Thanks to record low interest rates, an easier corporate lending environment and corporate cash coffers swelling, merger and acquisition activity picked up steam in 2010. Across various industries and companies both public and private, deal making came back in 2010.

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The Return Of Private Equity
After a quiet couple of years thanks to the freezing of credit markets, private equity deals were very active in the M&A space in 2010. The most recent deals included the $5 billion buyout of consumer foods and pet products company Del Monte Foods (NYSE:DLM) by a private equity consortium led by KKR & Co. (NYSE:KKR). Unless another private equity deal emerges in the coming weeks, Del Monte's buyout will be the largest leverage buyout in 2010. A few days later, two private equity firms announced the $3 billion buyout of retailer J. Crew (Nasdaq:JCG). In fact, during the last week of November, more than $10 billion in private equity buyout deals were announced, the busiest such week since the good old days of 2007.

Corporate Consolidation
Looking for ways to use increasing cash piles, corporations took advantage of attractive equity prices to buy out competitors or quality assets on the cheap. Leading discount airline Southwest (NYSE:LUV) announced a deal to buy out smaller rival AirTran (NYSE:AAI). After more than a year of struggle, fertilizer producer CF Industries (NYSE:CF) finally won out in its offer to acquire smaller nitrogen rival Terra Industries. CF Industries and Canada's Agrium (NYSE:AGU) were battling over Terra beginning in 2009, and CF finally prevailed in April 2010.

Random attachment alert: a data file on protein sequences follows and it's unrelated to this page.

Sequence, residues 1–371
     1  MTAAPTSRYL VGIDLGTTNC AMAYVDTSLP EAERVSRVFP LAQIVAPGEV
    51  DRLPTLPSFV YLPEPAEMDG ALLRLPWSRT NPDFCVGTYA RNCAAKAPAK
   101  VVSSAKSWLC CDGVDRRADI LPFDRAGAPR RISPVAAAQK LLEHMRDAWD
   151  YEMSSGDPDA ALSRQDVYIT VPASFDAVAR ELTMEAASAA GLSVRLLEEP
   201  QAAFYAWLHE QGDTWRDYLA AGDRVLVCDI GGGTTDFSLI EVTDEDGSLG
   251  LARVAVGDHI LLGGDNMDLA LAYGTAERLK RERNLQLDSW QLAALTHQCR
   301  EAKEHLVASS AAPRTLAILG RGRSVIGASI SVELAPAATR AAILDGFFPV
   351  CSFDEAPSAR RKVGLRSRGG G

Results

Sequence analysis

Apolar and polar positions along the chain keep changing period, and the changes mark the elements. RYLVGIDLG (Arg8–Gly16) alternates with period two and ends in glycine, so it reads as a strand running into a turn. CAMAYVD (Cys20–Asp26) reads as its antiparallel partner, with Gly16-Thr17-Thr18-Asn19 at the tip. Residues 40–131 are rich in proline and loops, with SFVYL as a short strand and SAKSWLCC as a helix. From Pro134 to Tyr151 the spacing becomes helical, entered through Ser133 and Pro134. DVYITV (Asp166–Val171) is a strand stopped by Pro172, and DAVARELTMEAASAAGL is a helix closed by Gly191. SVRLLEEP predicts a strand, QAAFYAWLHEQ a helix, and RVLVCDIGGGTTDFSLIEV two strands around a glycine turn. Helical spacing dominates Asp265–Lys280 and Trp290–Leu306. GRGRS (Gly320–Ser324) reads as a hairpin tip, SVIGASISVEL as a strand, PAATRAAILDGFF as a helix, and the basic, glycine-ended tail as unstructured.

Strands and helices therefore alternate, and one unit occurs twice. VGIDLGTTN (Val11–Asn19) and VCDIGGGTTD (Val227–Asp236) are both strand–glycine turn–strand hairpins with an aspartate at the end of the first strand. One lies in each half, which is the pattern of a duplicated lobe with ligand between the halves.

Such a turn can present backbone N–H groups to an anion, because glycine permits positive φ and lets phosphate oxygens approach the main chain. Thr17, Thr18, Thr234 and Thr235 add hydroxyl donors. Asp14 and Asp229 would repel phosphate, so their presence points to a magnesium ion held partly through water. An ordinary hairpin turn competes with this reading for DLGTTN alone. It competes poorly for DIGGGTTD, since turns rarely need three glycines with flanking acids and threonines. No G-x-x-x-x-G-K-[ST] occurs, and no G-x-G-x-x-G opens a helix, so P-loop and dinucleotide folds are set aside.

Strategic Division Buyouts
In addition to buying out entire businesses, companies were buying out strategic divisions from other competitors. One of the biggest in 2010 was MetLife's $15.5 billion deal to buy AIG's American Life Insurance Co., or Alico. Overall, M&A activity was brought back to life in 2010. As the economy recovered, investors came back with a little confidence aided by a huge appetite for debt despite record low interest rates. (For more, see What Makes An M&A Deal Work?)

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